Monthly Archives: June 2013

North Park College and Theological Seminary, Illinois

This weekend features a postcard folio of the educational institution where my great uncle C A Jacokes taught as a Math professor most of his professional life. I don’t list his full name since he didn’t have one. He was named C A on his birth certificate and was always referred to by the family as C A.

This folio is dated 1960, which was just after North Park renamed itself as a College. in 1997 it was retitled again to North Park University, while remaining in its original location in the Chicago suburbs and its original function as the sole seminary for the Evangelical Covenant Church.

Mentioned in the descriptive text is North Park Academy, a high school program operated by the College. It was closed after graduation ceremonies in 1969.

1960
Custom Studios, 202 E. 44th St., New York 17, NY
1960

Custom Studios, 202 E. 44th St., New York 17, NY

1960

Custom Studios, 202 E. 44th St., New York 17, NY

1960

Custom Studios, 202 E. 44th St., New York 17, NY

1960

Custom Studios, 202 E. 44th St., New York 17, NY

1960

Custom Studios, 202 E. 44th St., New York 17, NY

1960

Custom Studios, 202 E. 44th St., New York 17, NY

Curiously, the captions on the portrait format photos are along the long edge intstead of the bottom of the photos, which would match the other photos in this collection. Presumably, the manual layout techniques of this era did not allow for the publisher to put captions on the short edges, something that would be trivial today.

These photos also show some interesting historical details of the technology and lifestyles of that time, particularly in the campus store, the language lab and the medical clinic.

Mini Cards: Hotels and Mark Twain House

Among the other pictorial souvenirs available were these business card sized ones, which were not meant to be mailed (being too small). They were usually given as promotional advertising reminders or as small collectibles.

First is a business card from a boarding house in Watkins Glen, NY.

Rainbow Falls

Rainbow Falls

The card appears to be from the 1940’s, since the phone number is a local branch office type which were widely replaced in the 1940s and 1950s. Also, an online search shows a multi-family structure at this address built in 1940, which would fit the type of business described.

Next is a two sided color photo business card from a motel in Willamsburg, VA.Iron Bound Front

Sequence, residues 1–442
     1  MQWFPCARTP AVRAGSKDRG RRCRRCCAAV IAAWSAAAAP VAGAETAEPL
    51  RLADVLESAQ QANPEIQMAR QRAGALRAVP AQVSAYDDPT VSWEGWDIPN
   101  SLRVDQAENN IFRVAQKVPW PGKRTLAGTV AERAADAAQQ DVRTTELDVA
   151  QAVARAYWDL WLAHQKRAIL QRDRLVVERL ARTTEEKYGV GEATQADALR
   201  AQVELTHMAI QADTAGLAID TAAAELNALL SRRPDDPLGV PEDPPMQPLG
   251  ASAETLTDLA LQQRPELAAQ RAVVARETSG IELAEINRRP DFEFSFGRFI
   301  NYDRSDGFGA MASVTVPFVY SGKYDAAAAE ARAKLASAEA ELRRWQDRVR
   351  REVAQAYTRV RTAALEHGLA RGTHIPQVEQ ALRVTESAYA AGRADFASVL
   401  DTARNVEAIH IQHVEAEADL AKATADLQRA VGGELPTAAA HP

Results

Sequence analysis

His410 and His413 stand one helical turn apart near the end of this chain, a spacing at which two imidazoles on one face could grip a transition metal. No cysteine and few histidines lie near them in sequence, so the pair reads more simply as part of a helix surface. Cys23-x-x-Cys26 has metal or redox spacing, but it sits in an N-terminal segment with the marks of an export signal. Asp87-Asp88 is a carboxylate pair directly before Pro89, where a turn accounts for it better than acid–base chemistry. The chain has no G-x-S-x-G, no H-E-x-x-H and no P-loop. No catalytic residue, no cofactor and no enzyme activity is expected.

Iron Bound BackAgain, this card is likely from the 1940s, as indicated from the obsolete four digit phone number. An online search (via Trulia) shows the buildings in the photograph still standing, but boarded up and blocked by a fence. More recent satellite imagery indicates the old buildings were torn down recently and replaced with a condo/apartment building on the site.

Next are three souvenir photo cards from the Mark Twain birthplace in Hannibal, MO. They have descriptions on the back transcribed after each photo.

Ansco Color By John Winkler and Kenneth Botkins.

Ansco Color By John Winkler and Kenneth Botkins.

The Dining Room in Mark Twain’s Boyhood Home, Hannibal, Missouri. On the table is Mark Twain’s own lap writing desk, and a knife-and-fork basket. In the “Adventures of Tom Sawyer” Peter the Cat jumped out the window of this room, squalling and breathing fire, after Tom gave him a dose of Pain-killer, a patent medicine.

Ansco Color By John Winkler and Kenneth Botkins.

Ansco Color By John Winkler and Kenneth Botkins.

The Kitchen in Mark Twain’s Boyhood Home, the Tom Sawyer House, in Hannibal, Missouri. A charcoal foot-warmer sits before the ancient rocker. On the table is a candle-lantern, and a fluter (device for putting ruffles in dresses and curtains) with a crank. Brass and iron kettles gleam on the “Geneva No. 7” stove

Ansco Color By John Winkler and Kenneth Botkins.

Ansco Color By John Winkler and Kenneth Botkins.

Stature of Mark Twain in Riverview Park, Hannibal, Missouri. Erected by the State of Missouri in 1913, the sculptor was Frederick Hibbard. The inscription reads: “His religion was humanity, and a whole world mourned for him when he died.” The heroic bronze figure looks out from a three-hundred foor bluff over the river that he played on as a boy and navigated as a pilot. On a clear day places twenty miles and more away may be seen from here.

These photos are also likely from the 1940’s.

Chillon Castle, Lake Geneva, Switzerland

The last postcard in this series is a photo of the Château de Chillon, built on a promontory extending into Lake Geneva, Switzerland. It is much larger than it appears from the angle of the photo, as most of it extends back from the current point of view.

No. 1495

Société Graphique Neuchatel

There is no description on the back except for the printing company, noted above. This is marked as 1495 in the series. It is not the date of the castle, which has existed at least since the 12th century.